What is FAQ?

A frequently asked questions list is often used in articles, websites, email lists, and online forums where common questions tend to recur, for example through posts or queries by new users related to common knowledge gaps.

Below you will find answers to frequently asked questions. For even more information, have a look at the More Info section for details about your specific tour or travel option.

FAQ Questions: A-R

(A)Why should I book with Xavier safaris?

  1. Xavier Safari staff has done and lead most of the tours/ treks/ climbs and hikes ourselves and we know you will benefit from our personal experience and in-depth knowledge.
  • prices – without compromising on high standards, you will get what you paid for.
  • Xavier Safari supports and donates a percentage of our profits to non profit organizations, like education sector, rural health clinics, hospitals, job creation among the youth and rural communities wellbeing, which are trying to make the world a better place… so indirectly you will also help some less fortunate people, the environment and your money will help with nature and wildlife conservation.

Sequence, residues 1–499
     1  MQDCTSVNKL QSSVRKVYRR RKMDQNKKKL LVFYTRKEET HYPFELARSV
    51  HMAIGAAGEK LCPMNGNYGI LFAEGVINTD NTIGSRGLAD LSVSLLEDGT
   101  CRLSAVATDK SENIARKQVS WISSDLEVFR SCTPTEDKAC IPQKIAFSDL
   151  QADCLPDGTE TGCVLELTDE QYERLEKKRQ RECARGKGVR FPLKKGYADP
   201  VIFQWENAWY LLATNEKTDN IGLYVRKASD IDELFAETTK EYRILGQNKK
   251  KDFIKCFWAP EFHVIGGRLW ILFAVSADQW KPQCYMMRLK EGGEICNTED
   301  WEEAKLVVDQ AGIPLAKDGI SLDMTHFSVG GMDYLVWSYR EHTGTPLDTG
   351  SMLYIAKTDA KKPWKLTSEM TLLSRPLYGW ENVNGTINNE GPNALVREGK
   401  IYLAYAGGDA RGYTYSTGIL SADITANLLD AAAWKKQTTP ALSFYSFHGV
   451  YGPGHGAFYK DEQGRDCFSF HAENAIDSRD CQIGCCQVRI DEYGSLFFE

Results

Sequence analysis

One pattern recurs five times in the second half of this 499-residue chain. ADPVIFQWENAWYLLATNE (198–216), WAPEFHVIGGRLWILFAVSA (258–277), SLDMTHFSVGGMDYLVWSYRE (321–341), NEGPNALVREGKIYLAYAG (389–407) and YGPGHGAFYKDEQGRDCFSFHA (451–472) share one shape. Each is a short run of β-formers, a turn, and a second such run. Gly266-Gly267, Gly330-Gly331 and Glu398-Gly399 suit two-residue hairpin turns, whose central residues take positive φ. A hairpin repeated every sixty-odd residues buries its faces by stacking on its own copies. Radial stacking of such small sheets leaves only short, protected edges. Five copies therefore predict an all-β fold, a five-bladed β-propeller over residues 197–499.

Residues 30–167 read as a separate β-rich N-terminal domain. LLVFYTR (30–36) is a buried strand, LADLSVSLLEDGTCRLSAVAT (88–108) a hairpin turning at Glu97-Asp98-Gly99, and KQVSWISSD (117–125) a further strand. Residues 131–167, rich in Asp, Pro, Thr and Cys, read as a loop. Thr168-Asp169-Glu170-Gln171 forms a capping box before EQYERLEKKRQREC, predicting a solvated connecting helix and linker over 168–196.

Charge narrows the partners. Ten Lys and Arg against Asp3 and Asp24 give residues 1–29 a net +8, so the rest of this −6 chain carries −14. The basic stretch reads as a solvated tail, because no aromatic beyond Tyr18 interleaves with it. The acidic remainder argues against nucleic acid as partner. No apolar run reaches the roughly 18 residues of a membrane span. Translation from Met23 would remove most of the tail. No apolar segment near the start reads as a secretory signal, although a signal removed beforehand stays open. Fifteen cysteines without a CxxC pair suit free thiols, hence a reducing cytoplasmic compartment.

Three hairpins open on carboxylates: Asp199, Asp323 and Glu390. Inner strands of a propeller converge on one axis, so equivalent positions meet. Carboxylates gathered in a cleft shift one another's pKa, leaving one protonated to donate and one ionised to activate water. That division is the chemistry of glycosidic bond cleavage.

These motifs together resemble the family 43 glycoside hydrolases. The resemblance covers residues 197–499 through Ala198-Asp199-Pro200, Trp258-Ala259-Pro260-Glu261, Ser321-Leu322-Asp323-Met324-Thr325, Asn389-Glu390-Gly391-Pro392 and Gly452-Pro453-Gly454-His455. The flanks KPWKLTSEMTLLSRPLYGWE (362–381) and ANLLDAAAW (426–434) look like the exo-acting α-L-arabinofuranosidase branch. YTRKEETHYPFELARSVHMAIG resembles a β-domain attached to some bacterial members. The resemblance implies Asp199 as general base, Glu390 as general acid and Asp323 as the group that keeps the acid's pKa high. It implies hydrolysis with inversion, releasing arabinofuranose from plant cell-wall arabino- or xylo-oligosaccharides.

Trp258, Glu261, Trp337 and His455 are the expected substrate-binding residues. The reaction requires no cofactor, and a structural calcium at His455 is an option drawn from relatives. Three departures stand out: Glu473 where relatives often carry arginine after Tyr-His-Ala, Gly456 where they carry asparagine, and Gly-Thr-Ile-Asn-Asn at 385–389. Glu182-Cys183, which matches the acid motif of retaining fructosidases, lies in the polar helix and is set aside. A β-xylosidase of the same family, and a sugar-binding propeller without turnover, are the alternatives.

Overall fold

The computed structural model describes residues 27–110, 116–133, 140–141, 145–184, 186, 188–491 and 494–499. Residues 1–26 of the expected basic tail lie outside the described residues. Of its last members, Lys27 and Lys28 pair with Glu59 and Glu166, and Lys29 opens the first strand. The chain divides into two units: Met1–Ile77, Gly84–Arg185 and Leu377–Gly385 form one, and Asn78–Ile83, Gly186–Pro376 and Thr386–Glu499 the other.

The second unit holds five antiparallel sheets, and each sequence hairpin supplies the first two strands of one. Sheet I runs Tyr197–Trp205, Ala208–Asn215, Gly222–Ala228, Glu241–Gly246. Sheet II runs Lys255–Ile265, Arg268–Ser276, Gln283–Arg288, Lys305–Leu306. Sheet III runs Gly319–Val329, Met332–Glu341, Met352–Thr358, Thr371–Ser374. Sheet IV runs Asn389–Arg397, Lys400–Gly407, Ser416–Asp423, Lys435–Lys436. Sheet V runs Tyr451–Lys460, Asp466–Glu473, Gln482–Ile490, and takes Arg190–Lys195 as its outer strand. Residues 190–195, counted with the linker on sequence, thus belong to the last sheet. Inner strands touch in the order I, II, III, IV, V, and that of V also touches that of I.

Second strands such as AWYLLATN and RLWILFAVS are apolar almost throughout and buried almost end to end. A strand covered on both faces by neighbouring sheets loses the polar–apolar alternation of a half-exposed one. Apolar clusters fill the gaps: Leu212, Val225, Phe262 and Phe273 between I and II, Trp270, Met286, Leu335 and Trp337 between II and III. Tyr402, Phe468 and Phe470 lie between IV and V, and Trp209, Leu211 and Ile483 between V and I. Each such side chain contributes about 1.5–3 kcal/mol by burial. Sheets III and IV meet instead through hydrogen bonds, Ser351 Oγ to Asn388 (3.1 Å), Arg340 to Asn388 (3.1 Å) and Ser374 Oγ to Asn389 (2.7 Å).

• We have carefully selected some of the most popular Group Safaris, 4×4 Safaris, Treks and climbs and offer them at by far the best.
youth Job Creation: Edward making bricks out of soil
Health a Catholic sister nun immunizing a child at a community clinic.

(B) Is it safe to book with Xavier Safaris?

Xavier safari logo

Yes. Xavier Safaris is registered with Uganda Registration Services Bureau Number 80020001206140. Xavier Safari was founded in January 2006. Xavier Safari, only the best, registered and insured operator in Africa to ensure your Safari goes as planned.

  • Xavier Safari provides a guarantee to tourists/ clients who have booked a Safari with us.

(C) Is a safari jeep safari safe? Do animals attack safari vehicles?